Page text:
Social Media is a fascinating tool allowing for unprecedented advances in the way society functions. Whereas the telegraph once served as a gateway to important news stories, it has been replaced by Twitter — an application able to connect with millions of users, in real-time, at the click of a button.
The ability to connect with such a large audience is what makes social media so versatile. It’s benefits enable it to be utilized in a variety of fields — one of them being education. With the introduction of social media in the classroom, educators are now able to connect with and keep their students up-to-date using these popular applications.
This utilization of technology helps create an “virtual classroom” of sorts — for example professors can use Twitter to update students about assignments, post relevant information for coursework, quickly answer questions, and ensure that students have unlimited access and options to voice any concern or query they may have.
Social media enables me to connect on a deeper level with my professors; I am granted access to materials and information that my professors find relevant, interesting or can’t be shared within normal class meetings. By utilizing the social media options that my professors present me, I am granted access to materials that are important in my quest for knowledge. Of course I have to abide by the rules — no non-classroom related communication, no spam, not using the social media as a platform for a personal agenda.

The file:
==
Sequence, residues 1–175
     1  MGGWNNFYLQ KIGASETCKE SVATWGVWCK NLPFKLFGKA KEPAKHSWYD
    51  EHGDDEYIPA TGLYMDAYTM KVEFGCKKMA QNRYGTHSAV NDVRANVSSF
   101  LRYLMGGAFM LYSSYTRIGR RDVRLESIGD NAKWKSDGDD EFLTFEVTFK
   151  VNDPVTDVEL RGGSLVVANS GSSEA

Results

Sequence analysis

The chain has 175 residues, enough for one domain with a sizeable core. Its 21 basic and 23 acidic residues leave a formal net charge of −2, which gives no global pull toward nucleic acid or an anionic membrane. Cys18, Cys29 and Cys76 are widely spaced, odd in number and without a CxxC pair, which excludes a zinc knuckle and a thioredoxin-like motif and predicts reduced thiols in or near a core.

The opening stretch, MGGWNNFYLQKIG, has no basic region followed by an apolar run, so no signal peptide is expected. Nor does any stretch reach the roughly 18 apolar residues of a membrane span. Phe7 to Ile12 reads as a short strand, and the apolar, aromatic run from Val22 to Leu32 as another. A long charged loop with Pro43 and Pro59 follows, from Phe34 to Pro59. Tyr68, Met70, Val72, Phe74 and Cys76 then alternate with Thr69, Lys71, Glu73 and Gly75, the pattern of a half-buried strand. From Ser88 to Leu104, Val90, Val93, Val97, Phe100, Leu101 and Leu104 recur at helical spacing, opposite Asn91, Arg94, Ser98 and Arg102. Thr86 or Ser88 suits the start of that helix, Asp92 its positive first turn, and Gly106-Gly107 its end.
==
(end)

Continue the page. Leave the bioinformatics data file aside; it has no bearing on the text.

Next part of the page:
This abundance of material enriches the learning experience. By providing excess information, the teacher-student bond is strengthened. Ironic, considering it’s due in part thanks to technology, but beneficial. Allowing this level of access helps the chances for each student to learn and be successful, which is the goal of education.
There is a slippery slope with this however. That Facebook rant you posted about the bad grade you received in English, complete with curse words and other unflattering descriptions of your professor? It is easily accessible, and can undoubtedly be sent to said professor. That tweet you posted, promoting an illegal activity you just committed? It’s public. Not only is legality an issue, but there are also University policies that may be violated as well. While the rise of social media has it’s benefits, one of the downsides to this surging trend is the erosion of privacy. That being said, when using social media tools, it’s important to remember to your separate personal life from academic life, be aware of the material you present AND to be mindful of your audience.